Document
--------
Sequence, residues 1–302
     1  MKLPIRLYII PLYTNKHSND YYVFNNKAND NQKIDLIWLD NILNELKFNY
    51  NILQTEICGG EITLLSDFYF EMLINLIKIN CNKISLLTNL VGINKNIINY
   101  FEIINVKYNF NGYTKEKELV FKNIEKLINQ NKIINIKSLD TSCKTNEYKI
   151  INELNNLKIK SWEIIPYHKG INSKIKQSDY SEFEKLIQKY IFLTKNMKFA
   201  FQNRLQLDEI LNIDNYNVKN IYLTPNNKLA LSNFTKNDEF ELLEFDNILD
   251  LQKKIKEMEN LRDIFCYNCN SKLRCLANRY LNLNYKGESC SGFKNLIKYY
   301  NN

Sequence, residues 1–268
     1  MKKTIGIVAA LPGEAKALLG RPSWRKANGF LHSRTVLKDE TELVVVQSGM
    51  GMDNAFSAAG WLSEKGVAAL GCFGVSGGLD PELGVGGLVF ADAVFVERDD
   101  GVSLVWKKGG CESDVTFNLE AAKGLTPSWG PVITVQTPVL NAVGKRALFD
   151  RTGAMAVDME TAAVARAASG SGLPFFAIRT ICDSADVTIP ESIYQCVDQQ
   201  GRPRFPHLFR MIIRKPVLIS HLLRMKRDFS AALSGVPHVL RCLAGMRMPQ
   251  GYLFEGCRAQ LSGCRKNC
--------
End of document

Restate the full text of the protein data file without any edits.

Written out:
Sequence, residues 1–302
     1  MKLPIRLYII PLYTNKHSND YYVFNNKAND NQKIDLIWLD NILNELKFNY
    51  NILQTEICGG EITLLSDFYF EMLINLIKIN CNKISLLTNL VGINKNIINY
   101  FEIINVKYNF NGYTKEKELV FKNIEKLINQ NKIINIKSLD TSCKTNEYKI
   151  INELNNLKIK SWEIIPYHKG INSKIKQSDY SEFEKLIQKY IFLTKNMKFA
   201  FQNRLQLDEI LNIDNYNVKN IYLTPNNKLA LSNFTKNDEF ELLEFDNILD
   251  LQKKIKEMEN LRDIFCYNCN SKLRCLANRY LNLNYKGESC SGFKNLIKYY
   301  NN

Sequence, residues 1–268
     1  MKKTIGIVAA LPGEAKALLG RPSWRKANGF LHSRTVLKDE TELVVVQSGM
    51  GMDNAFSAAG WLSEKGVAAL GCFGVSGGLD PELGVGGLVF ADAVFVERDD
   101  GVSLVWKKGG CESDVTFNLE AAKGLTPSWG PVITVQTPVL NAVGKRALFD
   151  RTGAMAVDME TAAVARAASG SGLPFFAIRT ICDSADVTIP ESIYQCVDQQ
   201  GRPRFPHLFR MIIRKPVLIS HLLRMKRDFS AALSGVPHVL RCLAGMRMPQ
   251  GYLFEGCRAQ LSGCRKNC